RingMaster Review: Harry Violet and the Sharks "Jungle Cavalcade"
Thanks to Dirty Water Records, we can now reveal the Devil’s rock ‘n’ roll representatives in the UK; a band going under the name of Harry Violet and the Sharks with the sole intent of putting a hex on hips and mischief in the heart. Evidence comes courtesy of debut single Jungle Cavalcade, a two-track incitement of dark fifties/sixties bred rock ‘n’ roll from a band “crawling the streets of London, intent on mixing dive-bar jive and 12-bar rhythms with nightmarish grooves”.
Inflamed by the raw siren calls of sax and driven by devilish rhythms, Harry Violet and the Sharks has a sound infusing many more spices and tenacious revelry than can be described in a single line. They draw on inspirations roaming from The Cramps, Screamin’ Jay Hawkins, and The Lounge Lizards to The Sonics, Kip Tyler, and Link Wray with further essences influenced by “the eccentricities of Joe Meek productions” and artists like Tom Waits. What emerges on their introduction is something familiar yet boldly unique, a lingering dalliance with the senses and a salacious flirtation with body and imagination.
harry_RingMaster ReviewJungle Cavalcade stirs up the passions first as it drives straight away at ears with tantalising riffs of guitar and bass in collusion with sultry strains of sax. The seductive yet rapacious tone of the four-stringed devilment is especially masterful in its temptation, bassist Tim Barrow pulling on his strings with a creative animation that has thoughts donning mask and cape as fingers tap feverishly to its and the aligning rhythmic bait of Murdo Mackenzie’s beats. All the while the sax of Max Ellenberger is casting aurally erotic flames to this, inciting ears with his fiery melodies which suggestively flicker as the similarly exotic lures of Harry Violet’s guitar dance. Vocally Harry slips between a grizzled Tom Waits meets Hasil Adkins growl and an inviting roar of clean tones, a delivery as unpredictable and magnetic as the sounds around him. Like Th’ Legendary Shack Shakers plays Johnny And The Hurricanes with The Slytones for company, band and track leave a big grin on the face and an exhausted smile on the body.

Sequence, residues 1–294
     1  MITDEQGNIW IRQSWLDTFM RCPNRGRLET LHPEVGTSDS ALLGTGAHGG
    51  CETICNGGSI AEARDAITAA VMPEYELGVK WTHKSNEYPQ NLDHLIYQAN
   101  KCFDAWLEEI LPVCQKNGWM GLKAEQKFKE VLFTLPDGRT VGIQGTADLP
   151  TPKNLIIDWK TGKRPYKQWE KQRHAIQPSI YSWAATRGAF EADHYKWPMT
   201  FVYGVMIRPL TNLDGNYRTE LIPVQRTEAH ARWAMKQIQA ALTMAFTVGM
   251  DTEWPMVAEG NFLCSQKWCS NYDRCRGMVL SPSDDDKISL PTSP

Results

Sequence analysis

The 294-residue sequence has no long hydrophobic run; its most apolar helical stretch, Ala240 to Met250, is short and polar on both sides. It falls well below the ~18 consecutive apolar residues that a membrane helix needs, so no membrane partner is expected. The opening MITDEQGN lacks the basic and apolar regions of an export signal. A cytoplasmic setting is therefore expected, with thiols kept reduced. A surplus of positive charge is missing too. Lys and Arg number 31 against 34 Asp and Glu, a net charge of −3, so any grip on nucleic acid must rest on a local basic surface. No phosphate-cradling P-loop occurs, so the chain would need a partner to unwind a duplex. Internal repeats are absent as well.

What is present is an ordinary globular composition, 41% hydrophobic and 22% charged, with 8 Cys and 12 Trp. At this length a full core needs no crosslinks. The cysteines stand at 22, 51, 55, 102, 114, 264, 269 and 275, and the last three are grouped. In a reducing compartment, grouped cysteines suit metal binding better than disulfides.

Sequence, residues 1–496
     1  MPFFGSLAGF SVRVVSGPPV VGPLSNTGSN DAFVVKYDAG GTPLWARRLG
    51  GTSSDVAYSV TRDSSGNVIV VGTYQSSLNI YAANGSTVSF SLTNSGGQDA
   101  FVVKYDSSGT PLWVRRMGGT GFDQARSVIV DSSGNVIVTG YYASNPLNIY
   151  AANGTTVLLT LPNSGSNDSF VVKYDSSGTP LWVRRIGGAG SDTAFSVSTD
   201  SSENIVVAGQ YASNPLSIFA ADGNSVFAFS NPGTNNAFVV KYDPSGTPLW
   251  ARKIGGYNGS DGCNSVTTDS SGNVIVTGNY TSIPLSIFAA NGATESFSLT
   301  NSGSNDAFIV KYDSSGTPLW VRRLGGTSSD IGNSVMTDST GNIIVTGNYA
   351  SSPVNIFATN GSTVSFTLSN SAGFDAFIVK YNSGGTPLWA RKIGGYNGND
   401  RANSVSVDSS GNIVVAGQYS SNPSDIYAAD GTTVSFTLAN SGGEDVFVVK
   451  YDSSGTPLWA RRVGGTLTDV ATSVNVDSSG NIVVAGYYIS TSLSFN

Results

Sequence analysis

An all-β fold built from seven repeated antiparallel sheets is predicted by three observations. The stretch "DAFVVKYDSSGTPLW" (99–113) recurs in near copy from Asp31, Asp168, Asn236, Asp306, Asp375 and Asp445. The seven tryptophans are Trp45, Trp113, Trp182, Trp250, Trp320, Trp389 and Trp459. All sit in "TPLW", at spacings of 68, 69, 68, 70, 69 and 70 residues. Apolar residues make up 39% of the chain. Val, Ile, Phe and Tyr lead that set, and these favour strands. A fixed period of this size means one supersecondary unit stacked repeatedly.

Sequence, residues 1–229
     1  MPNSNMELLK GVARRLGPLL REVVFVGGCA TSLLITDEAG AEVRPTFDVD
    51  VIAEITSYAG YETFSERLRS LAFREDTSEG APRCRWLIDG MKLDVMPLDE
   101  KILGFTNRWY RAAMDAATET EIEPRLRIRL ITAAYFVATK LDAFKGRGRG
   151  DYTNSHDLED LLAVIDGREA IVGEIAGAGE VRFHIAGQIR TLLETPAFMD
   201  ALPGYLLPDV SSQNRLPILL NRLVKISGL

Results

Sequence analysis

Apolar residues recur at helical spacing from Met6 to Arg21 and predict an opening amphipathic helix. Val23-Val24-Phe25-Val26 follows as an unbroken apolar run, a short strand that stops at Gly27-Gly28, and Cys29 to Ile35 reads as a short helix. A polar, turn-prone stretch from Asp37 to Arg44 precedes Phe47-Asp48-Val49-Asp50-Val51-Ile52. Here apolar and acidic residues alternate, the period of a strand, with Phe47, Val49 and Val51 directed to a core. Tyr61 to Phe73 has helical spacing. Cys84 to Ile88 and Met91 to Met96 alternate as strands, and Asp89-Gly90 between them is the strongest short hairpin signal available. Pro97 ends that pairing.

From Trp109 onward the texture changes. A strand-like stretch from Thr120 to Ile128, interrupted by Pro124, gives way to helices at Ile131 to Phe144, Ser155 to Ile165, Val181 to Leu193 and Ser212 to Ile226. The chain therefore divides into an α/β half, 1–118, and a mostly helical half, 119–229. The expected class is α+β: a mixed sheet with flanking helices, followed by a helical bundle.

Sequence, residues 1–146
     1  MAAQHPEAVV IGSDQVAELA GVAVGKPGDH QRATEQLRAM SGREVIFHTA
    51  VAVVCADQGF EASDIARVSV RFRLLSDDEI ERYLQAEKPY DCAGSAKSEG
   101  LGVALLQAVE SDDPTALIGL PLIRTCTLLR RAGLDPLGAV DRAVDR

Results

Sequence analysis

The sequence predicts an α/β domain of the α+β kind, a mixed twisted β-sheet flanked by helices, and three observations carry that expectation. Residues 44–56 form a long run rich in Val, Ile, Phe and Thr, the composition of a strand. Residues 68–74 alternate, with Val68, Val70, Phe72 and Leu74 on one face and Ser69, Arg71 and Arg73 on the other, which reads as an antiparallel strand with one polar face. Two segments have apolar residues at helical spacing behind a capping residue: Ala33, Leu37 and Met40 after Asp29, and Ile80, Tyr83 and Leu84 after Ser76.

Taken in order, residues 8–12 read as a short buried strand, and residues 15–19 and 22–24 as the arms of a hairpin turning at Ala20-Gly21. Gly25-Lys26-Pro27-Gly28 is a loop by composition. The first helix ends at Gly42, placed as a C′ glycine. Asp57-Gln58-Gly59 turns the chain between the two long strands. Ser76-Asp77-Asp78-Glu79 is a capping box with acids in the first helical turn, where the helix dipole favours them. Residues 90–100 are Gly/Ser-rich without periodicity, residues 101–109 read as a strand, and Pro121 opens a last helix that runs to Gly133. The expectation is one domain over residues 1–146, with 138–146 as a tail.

As its predecessor, second song Dance At The Korova is also inspired “by the wild and wacky adventures of Frank Buck and the dystopian youth madness of A Clockwork Orange”, and as the first track in control of attention and appetite from its first sax and guitar spun breath. Bouncing around with an open fifties romp and stomp as another great scramble of rhythms line-up with a very agreeable cartoonish hook linked to the guitar’s persistent almost nagging melody, the song is the manna for any hop and the spark to many an energetic intimacy.
Some songs just hit the spot and ignite all the wants and irreverent devilment needed to have a seriously good time. Jungle Cavalcade has two such protagonists delivered by a band you feel has only just started twisting our bodies and turning on unbridled instincts.
Jungle Cavalcade is out now on 7” vinyl and for download via Dirty Water Records.
http://harryvioletandthesharks.co.uk/ https://www.facebook.com/harryvioletsharks https://twitter.com/harryviolets
Pete RingMaster 04/02/2016
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